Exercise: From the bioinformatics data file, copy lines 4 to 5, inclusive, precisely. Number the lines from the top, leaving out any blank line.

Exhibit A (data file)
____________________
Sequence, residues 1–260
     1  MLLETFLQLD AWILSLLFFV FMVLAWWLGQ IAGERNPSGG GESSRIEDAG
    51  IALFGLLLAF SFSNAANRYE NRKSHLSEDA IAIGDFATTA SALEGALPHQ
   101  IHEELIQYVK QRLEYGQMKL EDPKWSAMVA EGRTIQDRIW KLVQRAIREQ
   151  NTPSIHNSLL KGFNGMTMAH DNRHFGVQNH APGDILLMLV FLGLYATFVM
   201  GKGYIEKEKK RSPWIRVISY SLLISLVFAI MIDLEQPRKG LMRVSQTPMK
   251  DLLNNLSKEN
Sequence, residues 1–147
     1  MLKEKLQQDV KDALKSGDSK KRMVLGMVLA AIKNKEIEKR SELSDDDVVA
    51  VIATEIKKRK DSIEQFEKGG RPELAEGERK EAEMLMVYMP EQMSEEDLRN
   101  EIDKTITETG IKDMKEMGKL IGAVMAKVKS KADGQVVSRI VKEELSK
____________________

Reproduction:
   101  IHEELIQYVK QRLEYGQMKL EDPKWSAMVA EGRTIQDRIW KLVQRAIREQ
   151  NTPSIHNSLL KGFNGMTMAH DNRHFGVQNH APGDILLMLV FLGLYATFVM